The aim of the present study was to assess the impact of these pre-specified OCT quantitative criteria on clinical outcomes after PCI. For this purpose, the end-procedural OCT data in a large retrospective study (CLI-OCPI II) were evaluated. The study included 1,002 lesions in 832 patients with a follow-up length of at least 1 year.
This retrospective multicenter PCI registry included cases with frequency domain OCT assessment of stent positioning. All case subjects had at least 1 OCT assessment of the treated vessel, performed at the end of the procedure, with a sufficient acquisition length to address the whole length of the stented segments plus the proximal and distal reference segments (2,6–8). Indications for periprocedural OCT assessment and its practical utilization were left to the operator’s discretion; no formal selection criteria or treatment strategies (e.g., routinely stent post-dilation) were prospectively adopted in the enrolled case samples. For the purposes of this study, only OCT findings obtained at the end of the procedure were considered.
All patients provided written informed consent for the index procedure and for telephone/direct visit follow-up. Ethical approval was waived because of the study’s observational retrospective design.
As the primary objective of the study, the impact of the presence of an OCT-based suboptimal stent deployment on clinical outcome was explored; the impact of the individual OCT findings on outcome was also appraised. For this purpose, the incidence of major adverse cardiac events (MACE) was a composite of all-cause mortality, myocardial infarction (MI) not clearly attributable to a nontarget vessel (including periprocedural MI defined as creatine kinase-myocardial band level >3 times the upper limit of normal), and target lesion revascularization. All outcomes were defined according to the recommendations of the Academic Research Consortium (9).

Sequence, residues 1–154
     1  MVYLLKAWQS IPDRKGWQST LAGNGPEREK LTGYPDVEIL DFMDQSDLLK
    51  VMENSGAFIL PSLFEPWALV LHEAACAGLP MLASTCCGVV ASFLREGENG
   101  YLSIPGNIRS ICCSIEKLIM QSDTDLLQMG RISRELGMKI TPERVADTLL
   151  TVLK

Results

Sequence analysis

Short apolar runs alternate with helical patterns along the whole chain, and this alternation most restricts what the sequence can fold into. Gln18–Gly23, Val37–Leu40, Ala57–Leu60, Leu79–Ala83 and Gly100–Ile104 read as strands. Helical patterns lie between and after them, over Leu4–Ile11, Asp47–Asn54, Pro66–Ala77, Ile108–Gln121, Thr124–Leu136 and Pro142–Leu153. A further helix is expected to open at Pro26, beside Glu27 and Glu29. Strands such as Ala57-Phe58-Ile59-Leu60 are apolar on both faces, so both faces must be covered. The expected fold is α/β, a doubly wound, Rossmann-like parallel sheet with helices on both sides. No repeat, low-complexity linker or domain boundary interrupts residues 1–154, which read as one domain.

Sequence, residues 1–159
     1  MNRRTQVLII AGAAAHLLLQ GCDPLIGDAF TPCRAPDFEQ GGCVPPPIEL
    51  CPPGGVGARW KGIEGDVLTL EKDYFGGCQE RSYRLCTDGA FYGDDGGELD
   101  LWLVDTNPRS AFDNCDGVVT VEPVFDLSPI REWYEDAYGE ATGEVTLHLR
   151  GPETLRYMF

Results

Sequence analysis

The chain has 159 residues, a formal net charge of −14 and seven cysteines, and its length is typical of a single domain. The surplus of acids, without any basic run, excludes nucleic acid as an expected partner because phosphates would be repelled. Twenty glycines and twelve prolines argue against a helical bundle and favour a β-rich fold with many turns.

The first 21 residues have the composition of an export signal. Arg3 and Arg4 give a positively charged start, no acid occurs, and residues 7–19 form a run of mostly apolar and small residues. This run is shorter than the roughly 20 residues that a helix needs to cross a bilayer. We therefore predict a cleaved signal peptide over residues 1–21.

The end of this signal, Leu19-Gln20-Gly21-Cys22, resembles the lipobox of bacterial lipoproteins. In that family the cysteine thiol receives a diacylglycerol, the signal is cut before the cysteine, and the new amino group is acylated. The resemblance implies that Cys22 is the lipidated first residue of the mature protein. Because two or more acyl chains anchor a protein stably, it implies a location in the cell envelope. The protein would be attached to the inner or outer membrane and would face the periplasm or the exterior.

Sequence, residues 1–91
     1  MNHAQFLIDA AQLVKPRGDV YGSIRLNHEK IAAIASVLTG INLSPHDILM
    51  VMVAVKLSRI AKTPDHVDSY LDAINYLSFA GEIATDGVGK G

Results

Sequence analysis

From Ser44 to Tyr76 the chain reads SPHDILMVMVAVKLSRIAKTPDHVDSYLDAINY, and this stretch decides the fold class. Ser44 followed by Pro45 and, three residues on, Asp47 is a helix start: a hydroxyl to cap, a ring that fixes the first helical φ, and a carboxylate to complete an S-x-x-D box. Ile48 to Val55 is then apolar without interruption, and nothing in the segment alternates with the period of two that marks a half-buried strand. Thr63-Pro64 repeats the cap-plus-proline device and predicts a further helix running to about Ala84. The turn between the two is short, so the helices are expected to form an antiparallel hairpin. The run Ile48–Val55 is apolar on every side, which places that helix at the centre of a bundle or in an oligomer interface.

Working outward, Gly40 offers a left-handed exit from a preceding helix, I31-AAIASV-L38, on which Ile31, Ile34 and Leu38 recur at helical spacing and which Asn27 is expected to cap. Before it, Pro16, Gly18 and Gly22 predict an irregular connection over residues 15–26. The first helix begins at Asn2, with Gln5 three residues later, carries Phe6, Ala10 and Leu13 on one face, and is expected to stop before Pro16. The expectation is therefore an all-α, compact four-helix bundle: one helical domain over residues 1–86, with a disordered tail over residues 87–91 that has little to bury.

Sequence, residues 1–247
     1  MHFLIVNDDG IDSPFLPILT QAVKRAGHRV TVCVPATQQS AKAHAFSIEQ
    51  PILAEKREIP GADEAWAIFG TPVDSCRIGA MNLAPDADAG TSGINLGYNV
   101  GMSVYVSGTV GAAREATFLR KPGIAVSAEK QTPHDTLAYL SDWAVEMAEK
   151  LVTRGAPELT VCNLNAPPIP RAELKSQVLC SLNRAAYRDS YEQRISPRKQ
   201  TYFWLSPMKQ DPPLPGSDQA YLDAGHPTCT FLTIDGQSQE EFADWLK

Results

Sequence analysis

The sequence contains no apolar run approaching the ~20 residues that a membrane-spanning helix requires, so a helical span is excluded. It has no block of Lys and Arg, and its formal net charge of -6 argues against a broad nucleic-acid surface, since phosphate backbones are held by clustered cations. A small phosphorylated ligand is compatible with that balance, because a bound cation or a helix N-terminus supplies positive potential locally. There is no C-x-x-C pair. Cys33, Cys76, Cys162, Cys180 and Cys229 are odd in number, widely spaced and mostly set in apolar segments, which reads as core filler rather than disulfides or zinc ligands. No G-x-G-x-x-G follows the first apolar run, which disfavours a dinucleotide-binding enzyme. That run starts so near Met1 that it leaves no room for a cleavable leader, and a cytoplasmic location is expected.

Endpoint adjudication was performed by a central clinical event committee in a blinded fashion. No extramural funding was used to support this work, and the authors were solely responsible for the design, conduct, and final contents of the study.
Patients and procedures
Overall, 832 consecutive patients in Italy undergoing OCT guidance at 5 experienced and high-volume OCT centers entered the study. Given the retrospective design, treatment choices (including stenting technique, drug-eluting stent [DES] utilization, and additional pharmacological therapy) were according to local practice. In particular, OCT guidance during the procedure was not codified but left to the operator’s discretion.
PCIs were performed with standard techniques and catheters by using a femoral or radial approach. All patients received unfractionated heparin (a bolus of 70 IU/kg with additional doses aimed at achieving an intraprocedural activated clotting time of 250 to 300 s). All patients were pretreated with 325 mg of aspirin and a loading dose of clopidogrel 600 mg, prasugrel 60 mg, or ticagrelor 180 mg, if the patient was not already on a maintenance dose. Unless contraindicated, dual antiplatelet therapy was recommended for at least 12 months. During the first year after discharge, patients were followed up by means of scheduled direct visits (generally at 1 and 6 months) and telephone contacts. In case of any adverse event or new hospitalization, source documents were obtained and examined in detail.
OCT measurements and definitions
OCT was acquired by means of the frequency domain C7-XR system or the OPTIS system (both St. Jude Medical, St. Paul, Minnesota) with a nonocclusive technique according to a well-standardized method (2,8). OCT assessment of stent implantation was on the basis of conventional definitions reported in expert consensus OCT documents (2,4,10). The value with maximal predictive accuracy for outcome was used as a cutoff point for each variable (Figure 1). In particular, the following factors were considered significant findings:
1. Edge dissection: the presence of a linear rim of tissue with a width ≥200 μm and a clear separation from the vessel wall or underlying plaque that was adjacent (<5 mm) to a stent edge (2,6).
2. Reference lumen narrowing: lumen area <4.5 mm2 in the presence of significant residual plaque adjacent to stent endings (6);